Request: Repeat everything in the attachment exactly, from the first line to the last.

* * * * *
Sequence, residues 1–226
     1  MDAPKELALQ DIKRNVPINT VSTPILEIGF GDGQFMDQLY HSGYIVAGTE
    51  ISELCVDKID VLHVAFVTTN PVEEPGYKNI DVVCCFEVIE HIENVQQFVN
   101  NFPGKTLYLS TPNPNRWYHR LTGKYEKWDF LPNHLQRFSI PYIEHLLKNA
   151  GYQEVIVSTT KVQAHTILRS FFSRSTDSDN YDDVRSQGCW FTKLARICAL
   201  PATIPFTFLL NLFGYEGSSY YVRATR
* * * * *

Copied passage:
Sequence, residues 1–226
     1  MDAPKELALQ DIKRNVPINT VSTPILEIGF GDGQFMDQLY HSGYIVAGTE
    51  ISELCVDKID VLHVAFVTTN PVEEPGYKNI DVVCCFEVIE HIENVQQFVN
   101  NFPGKTLYLS TPNPNRWYHR LTGKYEKWDF LPNHLQRFSI PYIEHLLKNA
   151  GYQEVIVSTT KVQAHTILRS FFSRSTDSDN YDDVRSQGCW FTKLARICAL
   201  PATIPFTFLL NLFGYEGSSY YVRATR